Prince of the Lilies
|The Prince of the Lilies|
|Year||circa 1550 BC|
|Location||Heraklion Archaeological Museum|
The Minoan Frescoes
Fresco painting was one of the most important forms of Minoan art. Unfortunately, many of the surviving examples are fragmentary. The walls of the great halls of the palaces and houses of Crete were skilfully decorated with frescoes. The paint was applied swiftly while the wall plaster was still wet, so that the colours would be completely absorbed and would not fade. The Minoans followed the Egyptian convention regarding colours (e.g. red for men's flesh, white for women's flesh, yellow for gold, blue for silver, and red for bronze). Through the frescoes, one can gain the sense of the character of Minoan life and art and the Minoan joie de vivre. Some frescoes were reconstructed between 1450 and 1400 BC, when the Myceneans had established themselves on the island, and exhibit a completely different style of art.
A copy of the painting is placed at the Procession Fresco, a long passageway known as the Corridor of the Procession at the palace of Knossos, while the original is on display at the Heraklion Archaeological Museum. It shows a young man strolling in a garden. He wears a short apron, which was incorrectly added by archaeologist Arthur Evans, a necklace of lilies, a crown of lilies and peacock feathers. He is thought to represent the Priest King of Knossos. Possibly he has a griffin or a sphinx on a leash in his left hand. His skin is painted white, which was normally reserved for depicting women.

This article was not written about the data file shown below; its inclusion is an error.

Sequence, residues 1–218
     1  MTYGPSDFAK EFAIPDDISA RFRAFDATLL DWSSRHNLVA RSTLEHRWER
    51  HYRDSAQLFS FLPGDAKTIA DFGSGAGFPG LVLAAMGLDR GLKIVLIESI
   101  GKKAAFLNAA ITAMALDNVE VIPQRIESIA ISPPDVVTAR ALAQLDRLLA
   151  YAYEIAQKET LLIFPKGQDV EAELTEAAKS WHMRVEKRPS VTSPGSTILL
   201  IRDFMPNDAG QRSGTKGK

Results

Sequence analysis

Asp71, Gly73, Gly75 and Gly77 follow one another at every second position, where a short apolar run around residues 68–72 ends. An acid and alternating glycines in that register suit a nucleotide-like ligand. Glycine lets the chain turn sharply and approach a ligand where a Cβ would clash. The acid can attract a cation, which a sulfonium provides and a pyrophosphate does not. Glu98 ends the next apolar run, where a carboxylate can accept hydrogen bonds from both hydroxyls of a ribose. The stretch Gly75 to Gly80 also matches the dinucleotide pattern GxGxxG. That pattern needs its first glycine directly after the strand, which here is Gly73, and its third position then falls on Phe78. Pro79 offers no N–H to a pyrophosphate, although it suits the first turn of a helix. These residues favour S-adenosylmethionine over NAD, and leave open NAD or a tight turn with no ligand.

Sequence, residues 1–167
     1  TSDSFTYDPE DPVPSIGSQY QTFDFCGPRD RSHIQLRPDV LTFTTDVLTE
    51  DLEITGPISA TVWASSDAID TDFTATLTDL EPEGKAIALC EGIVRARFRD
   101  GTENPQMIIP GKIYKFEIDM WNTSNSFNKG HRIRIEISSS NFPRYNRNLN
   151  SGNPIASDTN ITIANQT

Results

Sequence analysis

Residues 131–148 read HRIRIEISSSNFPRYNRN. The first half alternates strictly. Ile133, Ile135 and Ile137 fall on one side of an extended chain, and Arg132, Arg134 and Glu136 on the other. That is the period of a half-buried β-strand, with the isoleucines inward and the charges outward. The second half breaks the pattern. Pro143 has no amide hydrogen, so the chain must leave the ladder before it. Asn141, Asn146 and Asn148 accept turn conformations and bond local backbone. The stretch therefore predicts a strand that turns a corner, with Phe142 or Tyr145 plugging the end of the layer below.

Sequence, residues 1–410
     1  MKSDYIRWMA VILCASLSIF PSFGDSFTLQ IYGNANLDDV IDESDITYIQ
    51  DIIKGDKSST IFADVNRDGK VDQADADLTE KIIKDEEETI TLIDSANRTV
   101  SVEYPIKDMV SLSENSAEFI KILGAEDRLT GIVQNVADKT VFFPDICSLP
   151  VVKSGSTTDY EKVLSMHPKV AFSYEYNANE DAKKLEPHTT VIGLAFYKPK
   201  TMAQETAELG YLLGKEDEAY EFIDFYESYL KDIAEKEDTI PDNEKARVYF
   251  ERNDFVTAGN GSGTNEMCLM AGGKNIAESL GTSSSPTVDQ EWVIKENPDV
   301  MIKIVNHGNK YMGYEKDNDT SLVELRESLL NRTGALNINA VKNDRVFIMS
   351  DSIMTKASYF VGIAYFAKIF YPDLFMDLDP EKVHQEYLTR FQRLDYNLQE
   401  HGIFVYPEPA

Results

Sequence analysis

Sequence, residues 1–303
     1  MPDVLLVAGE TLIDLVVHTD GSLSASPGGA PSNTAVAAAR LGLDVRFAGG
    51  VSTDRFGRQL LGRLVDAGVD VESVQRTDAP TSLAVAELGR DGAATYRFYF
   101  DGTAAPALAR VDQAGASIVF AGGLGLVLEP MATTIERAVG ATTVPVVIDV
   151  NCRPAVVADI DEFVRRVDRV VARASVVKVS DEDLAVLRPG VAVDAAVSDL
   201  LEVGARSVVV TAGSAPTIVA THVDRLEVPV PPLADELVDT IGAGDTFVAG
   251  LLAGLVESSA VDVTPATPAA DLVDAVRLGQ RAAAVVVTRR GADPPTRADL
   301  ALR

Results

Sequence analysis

The reconstitution of the so-called "Priest-king" from Knossos is one of the more popular figures of Minoan art. It is made with three ancient fragments of painted plaster (the crown, the torso, the left leg); the other parts are modern, hypothetic painting. When Arthur Evans uncovered the plaster fragments in 1901, he wrote that they belonged to different personages and "the torso may suggest a boxer".
Anatomical observation of this torso shows a contracted powerful musculature and the left disappeared arm was surely in ascendant position because the pectoral muscle is raised. These observations allow us to conclude the torso was one of a boxer resembling the many athletic representations engraved on the Boxer Vase from Hagia Triada. The lily crown belonged to another personage, perhaps a priestess (like on Hagia Triada sarcophagus). The painted reliefs of two athletes boxing in the palace of Knossos were surely the model of the "boxing children" fresco in Akrotiri at Thera.
- List of Aegean frescos
- Minoan civilization
- Ancient Greek boxing
- La Parisienne (fresco)
- Bull-Leaping Fresco
- J.A. Sakellarakis. Herakleion Museum. Illustrated guide to the Museum Ekdotike Athinon, Athens 1987, p. 118
- F. Schachermeyer. Die Minoische Kultur des alten Kreta
- Arthur Evans published his findings in the Annual of the British School at Athens BSA 7 (1900-1901) p. 15–16.
- Ancient Greek boxing: Origins
- A. Evans, The Palace of Minos at Knossos Book 1 page 8, 272
- S. Hood, The Minoans (1971) image 43
- Sp. Marinatos Excavations at Thera IV (1971) p. 47-49